There's also a mechanical advantage to going with the Badlands model, as it installs a 250 hp, 2.0L four-cylinder EcoBoost engine that's turbocharged to deliver 277 lb-ft of torque. That's a worthwhile upgrade over the less impressive 181 hp three-cylinder turbo found elsewhere. An eight-speed automatic transmission is standard, as is all-wheel drive.

Call Of The Trailhawk

Priced roughly $2,000 higher than its Ford rival, the Jeep Cherokee Trailhawk rides on a much older platform as compared to the Bronco Sport, with its underpinnings dating back to the 2014 model year. Still, it presents a formidable collection of equipment focused on pushing past lesser Cherokees once the asphalt disappears.

Jeep Cherokee Trailhawk blue front angle in ditch

Like the Badlands, the Trailhawk brings with it the largest engine on the order sheet, in this case a 3.2L V6 that’s good for 271 hp and 239 lb-ft of torque (and represents a major step-up over the standard four-cylinder). It's not the most powerful, however—there's a 2.0L turbo four that provides 56 lb-ft of additional twist that isn't available with the Trailhawk. The toughest Jeep trim also installs a unique four-wheel drive system called 'Active Drive Lock' that provides low-range gearing (not available with the Bronco Sport), as well as a locking rear differential and a nine-speed automatic gearbox.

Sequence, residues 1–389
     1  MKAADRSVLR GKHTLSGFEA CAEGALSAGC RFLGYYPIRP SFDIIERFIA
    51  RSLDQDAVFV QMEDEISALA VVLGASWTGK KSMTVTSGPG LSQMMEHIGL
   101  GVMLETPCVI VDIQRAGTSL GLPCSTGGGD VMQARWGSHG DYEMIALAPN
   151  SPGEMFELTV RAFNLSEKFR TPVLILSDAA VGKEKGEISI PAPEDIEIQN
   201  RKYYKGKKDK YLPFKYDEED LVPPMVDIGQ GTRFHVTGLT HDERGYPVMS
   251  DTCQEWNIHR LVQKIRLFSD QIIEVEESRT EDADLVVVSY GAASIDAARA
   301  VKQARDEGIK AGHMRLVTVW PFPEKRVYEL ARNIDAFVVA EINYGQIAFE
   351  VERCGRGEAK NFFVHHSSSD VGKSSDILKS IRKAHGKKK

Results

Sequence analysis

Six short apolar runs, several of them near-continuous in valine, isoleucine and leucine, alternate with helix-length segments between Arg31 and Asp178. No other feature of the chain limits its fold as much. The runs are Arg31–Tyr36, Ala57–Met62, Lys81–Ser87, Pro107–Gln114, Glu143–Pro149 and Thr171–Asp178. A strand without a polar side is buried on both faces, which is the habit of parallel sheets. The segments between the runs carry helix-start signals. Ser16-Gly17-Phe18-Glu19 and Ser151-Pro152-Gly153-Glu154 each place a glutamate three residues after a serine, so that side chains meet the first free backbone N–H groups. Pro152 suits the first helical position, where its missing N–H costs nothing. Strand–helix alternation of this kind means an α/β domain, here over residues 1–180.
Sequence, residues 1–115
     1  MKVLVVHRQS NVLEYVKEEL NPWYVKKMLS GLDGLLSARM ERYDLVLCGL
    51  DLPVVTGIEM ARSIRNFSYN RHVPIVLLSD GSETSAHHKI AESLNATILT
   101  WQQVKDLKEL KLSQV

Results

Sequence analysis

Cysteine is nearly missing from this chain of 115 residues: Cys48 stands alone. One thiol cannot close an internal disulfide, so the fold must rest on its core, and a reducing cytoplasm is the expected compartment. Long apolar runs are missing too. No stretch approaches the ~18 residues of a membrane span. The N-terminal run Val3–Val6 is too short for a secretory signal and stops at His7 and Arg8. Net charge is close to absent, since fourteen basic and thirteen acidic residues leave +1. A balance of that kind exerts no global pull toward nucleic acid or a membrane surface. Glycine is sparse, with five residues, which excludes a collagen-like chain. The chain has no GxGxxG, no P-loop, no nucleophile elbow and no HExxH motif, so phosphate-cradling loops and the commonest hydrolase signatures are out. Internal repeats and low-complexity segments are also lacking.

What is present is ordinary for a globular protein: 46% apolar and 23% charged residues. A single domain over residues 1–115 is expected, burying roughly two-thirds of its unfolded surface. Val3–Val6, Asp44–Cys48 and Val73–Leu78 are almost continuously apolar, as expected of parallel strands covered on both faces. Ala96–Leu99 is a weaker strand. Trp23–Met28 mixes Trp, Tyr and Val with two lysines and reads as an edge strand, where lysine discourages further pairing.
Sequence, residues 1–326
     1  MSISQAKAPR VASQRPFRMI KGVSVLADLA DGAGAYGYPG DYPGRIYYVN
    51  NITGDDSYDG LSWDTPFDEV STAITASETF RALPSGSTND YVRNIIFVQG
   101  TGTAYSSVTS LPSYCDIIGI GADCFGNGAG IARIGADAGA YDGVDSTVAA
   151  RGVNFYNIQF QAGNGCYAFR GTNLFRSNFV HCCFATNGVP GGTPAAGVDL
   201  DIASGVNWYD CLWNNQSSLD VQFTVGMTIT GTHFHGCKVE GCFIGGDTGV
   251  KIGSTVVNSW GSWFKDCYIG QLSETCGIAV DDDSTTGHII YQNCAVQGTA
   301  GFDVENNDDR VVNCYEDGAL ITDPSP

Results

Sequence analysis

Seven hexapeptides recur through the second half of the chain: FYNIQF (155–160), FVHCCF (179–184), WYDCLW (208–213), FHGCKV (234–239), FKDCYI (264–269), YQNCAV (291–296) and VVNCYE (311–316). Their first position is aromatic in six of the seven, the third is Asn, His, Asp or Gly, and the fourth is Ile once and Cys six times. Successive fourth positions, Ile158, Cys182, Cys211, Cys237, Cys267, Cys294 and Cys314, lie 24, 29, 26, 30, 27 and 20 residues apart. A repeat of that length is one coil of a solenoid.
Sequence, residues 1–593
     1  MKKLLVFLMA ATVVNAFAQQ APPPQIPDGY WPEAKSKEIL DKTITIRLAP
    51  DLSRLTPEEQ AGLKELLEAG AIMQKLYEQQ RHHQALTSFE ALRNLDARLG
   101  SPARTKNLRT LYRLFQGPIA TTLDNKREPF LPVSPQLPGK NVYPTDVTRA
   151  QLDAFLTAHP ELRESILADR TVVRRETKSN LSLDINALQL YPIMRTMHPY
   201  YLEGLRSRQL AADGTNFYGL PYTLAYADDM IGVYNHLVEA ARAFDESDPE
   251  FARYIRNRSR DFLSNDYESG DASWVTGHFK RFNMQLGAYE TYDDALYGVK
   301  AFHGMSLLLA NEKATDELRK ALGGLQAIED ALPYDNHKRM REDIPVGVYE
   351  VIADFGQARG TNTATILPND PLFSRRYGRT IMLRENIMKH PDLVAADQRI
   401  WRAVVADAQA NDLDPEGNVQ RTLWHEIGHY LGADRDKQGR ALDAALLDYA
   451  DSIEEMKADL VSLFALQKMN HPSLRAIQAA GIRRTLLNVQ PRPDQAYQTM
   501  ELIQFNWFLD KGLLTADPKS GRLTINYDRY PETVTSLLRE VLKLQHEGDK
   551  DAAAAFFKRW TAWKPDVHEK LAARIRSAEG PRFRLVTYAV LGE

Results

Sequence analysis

Jeep Cherokee Trackhawk blue from behind mountain range

The Jeep's Selec-Terrain drive mode system includes a 'Rock' setting that engages the locker automatically, and which isn't found on other versions of the Cherokee. It features 8.7 inches of ground clearance, which is almost a dead match for the Badlands, and roughly an inch suspension lift versus the base model. It also incorporates abbreviated bumpers front and rear to improve approach and departure angles, as well 29.5-inch overall diameter tires and far more extensive underbody armor as compared to the Ford.

Getting Dirty